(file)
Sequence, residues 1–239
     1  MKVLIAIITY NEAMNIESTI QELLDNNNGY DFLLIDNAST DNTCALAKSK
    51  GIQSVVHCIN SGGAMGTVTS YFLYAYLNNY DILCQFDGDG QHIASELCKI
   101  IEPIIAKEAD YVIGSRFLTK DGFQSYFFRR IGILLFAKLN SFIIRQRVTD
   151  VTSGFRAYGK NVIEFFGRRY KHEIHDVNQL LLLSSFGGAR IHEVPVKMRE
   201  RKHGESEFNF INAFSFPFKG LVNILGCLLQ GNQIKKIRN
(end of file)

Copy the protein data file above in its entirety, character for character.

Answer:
Sequence, residues 1–239
     1  MKVLIAIITY NEAMNIESTI QELLDNNNGY DFLLIDNAST DNTCALAKSK
    51  GIQSVVHCIN SGGAMGTVTS YFLYAYLNNY DILCQFDGDG QHIASELCKI
   101  IEPIIAKEAD YVIGSRFLTK DGFQSYFFRR IGILLFAKLN SFIIRQRVTD
   151  VTSGFRAYGK NVIEFFGRRY KHEIHDVNQL LLLSSFGGAR IHEVPVKMRE
   201  RKHGESEFNF INAFSFPFKG LVNILGCLLQ GNQIKKIRN